Um & Soy Sauce

Recently, it was my mother’s birthday. But I did not call her, because I forgot. Luckily (for me), my family don’t really celebrate birthdays – at least, not on the actual day. Birthdays occur when they’re celebrated, so when they’re not celebrated, they don’t occur. Make sense? I think so!

I call my mother Um. This is not a common thing to call one’s mother, even if one is Vietnamese. It is more common to use Me or Ma, or even Vu, which really puts your mum in her place because vu means breast.

When I was young, I knew I was different from the Aboriginal, white, Greek, Italian and Lebanese kids at school, but I did not realise that I was different from other Vietnamese kids, until we talked about our mums. Or asked for soy sauce. These were the two greatest differentiating factors between me and other Viet kids. Perhaps there were a few others.

Um is pronounced like Oom. Or like mmm, but you start with your mouth open. It is sometimes used by Chinese/Viet kids as a title for distant older relatives, the same as Bac in more mainstream Viet. It’s a term of distant filial respect. In my father’s family, Um means mother. This is to avoid confusion with my father’s mother, who was the supreme ruler of my father’s (rather extensive) clan. Everyone called my paternal grandmother Ah Ma, and calling anyone else Ma or even Me would have been just too confusing. I guess. Now, my mother is Ma to all her grandkids and Um to all her kids, in-laws included (well, the ones who speak Viet at any rate).

I have a strong recollection of my first “but you’re Viet and you’re different from me!” experience. I would have been about 6 years old. My Um had sent me to the corner shop to buy some soy sauce. I knew the particular bottle like it was a close friend. (It kind of is, actually. Soy sauce, that is. Steamed white rice and soy sauce, now that’s comfort food!) I wandered around and around the narrow aisles, looking for the particular bottle my mother preferred. Eventually, I gave up and went to the counter and asked where they kept yi tam. The woman behind the counter looked at me. There was another woman with a young girl at the counter. The young girl was about my age and she looked over at me like I was some strange specimen, speaking another language.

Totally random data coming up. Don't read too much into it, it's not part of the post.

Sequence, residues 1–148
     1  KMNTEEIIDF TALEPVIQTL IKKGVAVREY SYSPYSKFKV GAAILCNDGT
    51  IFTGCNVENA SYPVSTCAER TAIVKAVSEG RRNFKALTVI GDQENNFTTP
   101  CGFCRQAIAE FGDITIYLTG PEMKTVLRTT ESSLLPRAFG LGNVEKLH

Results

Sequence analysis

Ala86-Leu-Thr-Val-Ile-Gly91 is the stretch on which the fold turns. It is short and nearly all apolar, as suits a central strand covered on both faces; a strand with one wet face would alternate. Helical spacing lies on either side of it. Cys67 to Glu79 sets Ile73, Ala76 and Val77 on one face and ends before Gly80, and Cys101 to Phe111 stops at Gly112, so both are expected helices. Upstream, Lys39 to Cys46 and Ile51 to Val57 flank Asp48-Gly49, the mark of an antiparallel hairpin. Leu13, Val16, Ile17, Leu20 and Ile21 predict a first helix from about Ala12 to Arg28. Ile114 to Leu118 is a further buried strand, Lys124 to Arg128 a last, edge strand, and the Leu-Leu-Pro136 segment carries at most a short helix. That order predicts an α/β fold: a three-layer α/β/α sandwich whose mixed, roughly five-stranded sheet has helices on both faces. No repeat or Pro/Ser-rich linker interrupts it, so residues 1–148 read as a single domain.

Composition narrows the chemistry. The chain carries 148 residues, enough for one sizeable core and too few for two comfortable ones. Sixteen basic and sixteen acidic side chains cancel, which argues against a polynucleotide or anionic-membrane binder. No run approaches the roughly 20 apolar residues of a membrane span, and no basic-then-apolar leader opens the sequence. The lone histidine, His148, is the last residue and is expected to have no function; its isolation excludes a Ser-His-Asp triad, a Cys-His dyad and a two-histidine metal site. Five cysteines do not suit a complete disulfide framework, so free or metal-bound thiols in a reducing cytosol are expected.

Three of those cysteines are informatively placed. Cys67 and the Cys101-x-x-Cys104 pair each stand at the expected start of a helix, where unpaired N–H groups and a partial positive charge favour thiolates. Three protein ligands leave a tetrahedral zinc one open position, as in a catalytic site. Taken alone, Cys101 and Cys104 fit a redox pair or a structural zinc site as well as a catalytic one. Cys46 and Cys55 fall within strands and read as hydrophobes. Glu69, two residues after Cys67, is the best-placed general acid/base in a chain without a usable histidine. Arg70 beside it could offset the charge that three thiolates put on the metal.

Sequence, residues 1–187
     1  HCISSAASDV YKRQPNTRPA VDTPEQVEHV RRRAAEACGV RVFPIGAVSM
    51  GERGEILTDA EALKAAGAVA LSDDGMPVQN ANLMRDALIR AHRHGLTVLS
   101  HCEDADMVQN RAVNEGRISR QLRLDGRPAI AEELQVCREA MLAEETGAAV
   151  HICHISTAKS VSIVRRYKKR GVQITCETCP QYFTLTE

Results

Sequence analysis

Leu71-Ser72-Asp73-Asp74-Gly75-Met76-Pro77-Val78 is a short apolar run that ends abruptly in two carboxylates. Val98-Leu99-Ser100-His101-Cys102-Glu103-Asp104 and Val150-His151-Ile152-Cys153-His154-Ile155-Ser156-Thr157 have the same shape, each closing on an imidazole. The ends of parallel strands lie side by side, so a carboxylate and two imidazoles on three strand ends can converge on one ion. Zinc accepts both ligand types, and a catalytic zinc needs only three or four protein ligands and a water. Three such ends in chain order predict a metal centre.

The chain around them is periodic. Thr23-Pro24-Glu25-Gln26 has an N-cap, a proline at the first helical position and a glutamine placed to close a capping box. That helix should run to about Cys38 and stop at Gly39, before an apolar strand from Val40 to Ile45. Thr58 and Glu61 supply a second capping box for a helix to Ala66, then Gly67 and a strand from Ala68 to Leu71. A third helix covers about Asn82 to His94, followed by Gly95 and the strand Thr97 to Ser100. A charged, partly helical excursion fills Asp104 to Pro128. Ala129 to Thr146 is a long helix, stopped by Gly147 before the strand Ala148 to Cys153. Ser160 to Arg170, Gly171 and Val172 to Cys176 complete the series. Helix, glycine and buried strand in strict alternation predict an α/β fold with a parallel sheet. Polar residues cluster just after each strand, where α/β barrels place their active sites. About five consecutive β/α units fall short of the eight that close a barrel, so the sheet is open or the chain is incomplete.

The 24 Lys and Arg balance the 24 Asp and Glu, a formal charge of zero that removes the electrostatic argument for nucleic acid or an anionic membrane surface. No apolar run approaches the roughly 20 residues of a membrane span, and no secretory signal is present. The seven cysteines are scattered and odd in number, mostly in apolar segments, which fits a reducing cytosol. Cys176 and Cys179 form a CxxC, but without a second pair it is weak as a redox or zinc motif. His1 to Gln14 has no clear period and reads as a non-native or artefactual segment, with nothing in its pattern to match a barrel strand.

The woman behind the counter asked me what I wanted and I repeated, yi tam. The other woman said, I think she’s Uncle #5*’s daughter. She’s after si dau. Si dau is the more common term for soy sauce, but I did not know that at the time. I said (because it was true), I don’t know what si dau is. I want yi tam. The other woman’s daughter looked at me aghast. You don’t know what si dau is? I said to her, No. Why should I? The other woman went and got me a bottle of soy sauce – it was just the bottle I was after. The daughter said, That’s si dau. And smartarse me said, No it’s not. It’s yi tam. We both just looked at each. I thought the girl was very stupid. She must have thought the same of me.

(*Uncle #5 (Bac Nam) is what everyone who knew my dad, except people who were actually related to him, called him. Actual relatives called him by whatever the family relationship was. He was not any Viet person in Australia’s fifth uncle, because very few of his extended family emigrated from Viet Nam.)

I took that bottle of yi tam home and showed it to my family and told my story about how strange the people were in the corner store. Um laughed and laughed. So did most of my older siblings. Ba too. Everyone laughed at me, and I honestly had no idea why. I learned, shortly afterwards, a salty lesson in diversity.